Chinese fashion houses —

turning inwards for growth and recognition


Chinese designers and brands are increasingly turning towards China as their primary target market. This underscores a significant change as China’s fashion narrative evolves. Rather than remaining solely known as the largest consumer market for luxury goods, China is fast becoming a hotbed for new and world acclaimed talent. While top-tier talent has taken time to develop, this welcome shift reflects the nation’s constant evolution and increasing heft in global fashion.

Shifting gears

China and its designers are making headways across the world. From local acclaim to the world’s top fashion runways, homegrown talent is finally getting the love it deserves. This marks a significant change in attitudes towards the Middle Kingdom’s shifting role in fashion. For one, it no longer simply serves as a place for foreign brands to make money. Despite the record numbers, Chinese consumers are falling in love with “国潮” (heritage hip) and local designers. There are a few reasons for this, namely:

  • Western brands have over-saturated the market, making exclusivity meaningless
  • Ongoing cultural faux-pas from foreign brands (hint hint D&G)
  • New and more discerning audiences who cannot be simply put in boxes (“logo maniacs”, “streetwear addicts” etc.)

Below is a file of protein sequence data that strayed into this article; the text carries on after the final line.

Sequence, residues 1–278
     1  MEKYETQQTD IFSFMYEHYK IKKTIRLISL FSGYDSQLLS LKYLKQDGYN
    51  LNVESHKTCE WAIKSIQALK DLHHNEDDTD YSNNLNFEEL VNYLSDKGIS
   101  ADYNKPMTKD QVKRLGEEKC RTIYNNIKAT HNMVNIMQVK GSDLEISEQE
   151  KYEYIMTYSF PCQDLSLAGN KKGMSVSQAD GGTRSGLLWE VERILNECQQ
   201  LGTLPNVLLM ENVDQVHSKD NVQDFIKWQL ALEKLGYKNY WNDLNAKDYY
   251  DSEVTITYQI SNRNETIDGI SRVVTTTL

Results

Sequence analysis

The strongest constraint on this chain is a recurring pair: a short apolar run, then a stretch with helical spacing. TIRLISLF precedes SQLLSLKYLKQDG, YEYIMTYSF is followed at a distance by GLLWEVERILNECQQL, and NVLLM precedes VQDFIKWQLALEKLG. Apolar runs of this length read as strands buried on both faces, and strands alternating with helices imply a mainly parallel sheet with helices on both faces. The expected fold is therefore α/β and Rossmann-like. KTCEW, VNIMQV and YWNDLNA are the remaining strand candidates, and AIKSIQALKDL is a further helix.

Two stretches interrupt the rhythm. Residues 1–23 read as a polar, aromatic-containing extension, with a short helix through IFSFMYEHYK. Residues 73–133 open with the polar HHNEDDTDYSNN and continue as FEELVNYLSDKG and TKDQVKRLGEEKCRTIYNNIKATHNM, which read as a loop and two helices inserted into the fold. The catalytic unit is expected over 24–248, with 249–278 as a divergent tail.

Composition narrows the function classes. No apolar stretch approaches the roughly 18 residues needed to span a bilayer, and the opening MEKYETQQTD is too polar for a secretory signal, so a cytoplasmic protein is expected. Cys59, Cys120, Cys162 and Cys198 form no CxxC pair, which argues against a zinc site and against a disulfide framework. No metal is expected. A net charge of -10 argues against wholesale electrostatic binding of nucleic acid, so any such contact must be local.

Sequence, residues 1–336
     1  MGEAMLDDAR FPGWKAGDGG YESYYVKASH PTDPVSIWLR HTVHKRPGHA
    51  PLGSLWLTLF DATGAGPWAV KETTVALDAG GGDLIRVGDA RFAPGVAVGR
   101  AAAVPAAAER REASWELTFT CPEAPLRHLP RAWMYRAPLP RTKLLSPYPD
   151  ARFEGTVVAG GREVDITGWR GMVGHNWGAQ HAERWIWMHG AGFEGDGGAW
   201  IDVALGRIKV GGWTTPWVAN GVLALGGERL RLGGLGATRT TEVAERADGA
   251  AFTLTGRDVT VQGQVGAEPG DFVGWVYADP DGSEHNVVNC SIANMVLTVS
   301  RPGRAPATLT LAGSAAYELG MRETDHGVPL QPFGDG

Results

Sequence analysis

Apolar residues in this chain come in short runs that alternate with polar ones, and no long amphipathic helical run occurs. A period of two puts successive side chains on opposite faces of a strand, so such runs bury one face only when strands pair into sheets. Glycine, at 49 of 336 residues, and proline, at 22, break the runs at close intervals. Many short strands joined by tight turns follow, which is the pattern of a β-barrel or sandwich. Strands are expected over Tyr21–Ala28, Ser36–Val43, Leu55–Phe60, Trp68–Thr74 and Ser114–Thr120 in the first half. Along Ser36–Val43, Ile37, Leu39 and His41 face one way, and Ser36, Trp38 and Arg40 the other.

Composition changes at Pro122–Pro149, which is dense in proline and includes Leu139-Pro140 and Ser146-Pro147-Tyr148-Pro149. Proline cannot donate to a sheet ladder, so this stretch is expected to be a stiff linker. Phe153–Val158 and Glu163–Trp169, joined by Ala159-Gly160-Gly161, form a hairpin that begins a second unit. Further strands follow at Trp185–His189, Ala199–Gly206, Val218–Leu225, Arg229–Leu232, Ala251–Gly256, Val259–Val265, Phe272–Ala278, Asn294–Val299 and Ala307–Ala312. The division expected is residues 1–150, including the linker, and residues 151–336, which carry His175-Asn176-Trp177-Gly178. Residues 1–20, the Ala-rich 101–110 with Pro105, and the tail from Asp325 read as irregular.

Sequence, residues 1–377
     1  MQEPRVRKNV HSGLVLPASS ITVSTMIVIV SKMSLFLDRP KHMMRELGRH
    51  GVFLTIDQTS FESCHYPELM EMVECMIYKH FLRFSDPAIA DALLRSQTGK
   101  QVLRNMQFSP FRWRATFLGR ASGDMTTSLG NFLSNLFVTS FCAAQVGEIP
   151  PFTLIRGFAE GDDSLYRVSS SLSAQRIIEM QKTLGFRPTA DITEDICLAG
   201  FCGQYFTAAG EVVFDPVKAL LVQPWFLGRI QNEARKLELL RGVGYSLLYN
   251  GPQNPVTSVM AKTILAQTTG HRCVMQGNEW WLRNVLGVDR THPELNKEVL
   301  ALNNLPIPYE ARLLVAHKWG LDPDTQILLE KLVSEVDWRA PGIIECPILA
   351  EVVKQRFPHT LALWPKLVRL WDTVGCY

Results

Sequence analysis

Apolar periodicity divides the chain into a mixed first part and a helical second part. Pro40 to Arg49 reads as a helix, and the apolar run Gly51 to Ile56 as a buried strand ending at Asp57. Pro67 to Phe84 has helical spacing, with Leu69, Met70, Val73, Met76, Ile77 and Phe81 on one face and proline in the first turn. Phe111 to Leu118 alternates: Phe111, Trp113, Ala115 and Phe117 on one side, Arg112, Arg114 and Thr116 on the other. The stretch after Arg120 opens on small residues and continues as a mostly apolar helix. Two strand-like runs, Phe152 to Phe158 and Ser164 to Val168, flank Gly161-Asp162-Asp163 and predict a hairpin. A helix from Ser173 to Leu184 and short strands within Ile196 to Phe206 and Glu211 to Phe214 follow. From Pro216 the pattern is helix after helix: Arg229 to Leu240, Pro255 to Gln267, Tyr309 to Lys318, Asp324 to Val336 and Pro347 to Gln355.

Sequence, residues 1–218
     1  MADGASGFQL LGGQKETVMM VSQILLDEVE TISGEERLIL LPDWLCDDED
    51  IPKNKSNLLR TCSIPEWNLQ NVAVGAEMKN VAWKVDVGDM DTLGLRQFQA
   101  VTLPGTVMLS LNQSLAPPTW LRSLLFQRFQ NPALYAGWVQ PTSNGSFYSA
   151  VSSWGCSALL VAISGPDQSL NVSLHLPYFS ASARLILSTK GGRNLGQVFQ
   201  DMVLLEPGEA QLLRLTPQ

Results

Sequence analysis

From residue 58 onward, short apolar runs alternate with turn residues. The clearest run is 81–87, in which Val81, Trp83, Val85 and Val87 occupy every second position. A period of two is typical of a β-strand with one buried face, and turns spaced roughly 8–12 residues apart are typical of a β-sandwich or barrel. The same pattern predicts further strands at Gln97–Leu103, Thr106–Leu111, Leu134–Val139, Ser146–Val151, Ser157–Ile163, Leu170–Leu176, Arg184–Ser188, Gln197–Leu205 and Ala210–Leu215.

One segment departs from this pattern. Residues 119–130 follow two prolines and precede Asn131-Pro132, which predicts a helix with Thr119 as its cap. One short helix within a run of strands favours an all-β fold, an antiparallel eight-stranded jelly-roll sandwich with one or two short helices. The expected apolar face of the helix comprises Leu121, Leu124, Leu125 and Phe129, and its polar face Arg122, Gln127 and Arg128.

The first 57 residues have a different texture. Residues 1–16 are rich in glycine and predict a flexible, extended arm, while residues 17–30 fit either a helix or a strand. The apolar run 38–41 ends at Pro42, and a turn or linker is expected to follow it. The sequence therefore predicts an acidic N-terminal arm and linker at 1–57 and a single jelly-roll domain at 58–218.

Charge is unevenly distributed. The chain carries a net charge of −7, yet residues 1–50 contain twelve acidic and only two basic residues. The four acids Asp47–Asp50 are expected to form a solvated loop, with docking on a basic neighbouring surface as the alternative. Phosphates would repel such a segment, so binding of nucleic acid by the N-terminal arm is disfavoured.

• Shifting local economics where consumers are purchasing more locally
  • Likewise, one macro shift is China’s own confidence and passion for homegrown products

China and the fashion DNA

Over the last decade, China absorbed foreign brands and ideals. However, younger consumers are pushing back as they assert their identities more readily. New trendsetters mix affluence and tech-savvy to voice opinions, express their individuality and reinforce their willingness to live their personal ideals. Rather than relying on external, foreign signifiers, patrons mix and match broader styles to assert their identity. Indeed, social currency is less about Chanel bags and more about deeply held personal style choices. Not surprisingly, local designers communicate similar ideals in their works and methodologies.


Instead of seeking foreign recognition to return to their home markets, fashion houses prefer to build a reputation locally before expanding outbounds. Just as Japanese brands broke the international mold in the 80s, so too can Chinese visionaries in the coming years. Though the road ahead looms, local acclaim can push the movement over the edge and into the mainstream.

Changes matter

To an extent, China’s rise in fashion will open doors for other nations and cultures to flourish. After years of being labeled as the world’s (cheap) manufacturing hub, “made in China” takes on a new meaning. It’s no secret that the world’s best fashion houses already manufacture there. It may be instead time to celebrate these capabilities for what they are: world- leading and innovative. As ideals of beauty, taste and luxury transform to a point of constant flux, other designers may see this as a golden opportunity to shine. Who knows what this can mean for Southeast Asia, Africa and Latin America. Ultimately, fashion and consumers win when more projects see the light of day.

David Kenji Chang talks with the founder in his LA studio and new shop to talk about his life’s work and staying weird in a weird world.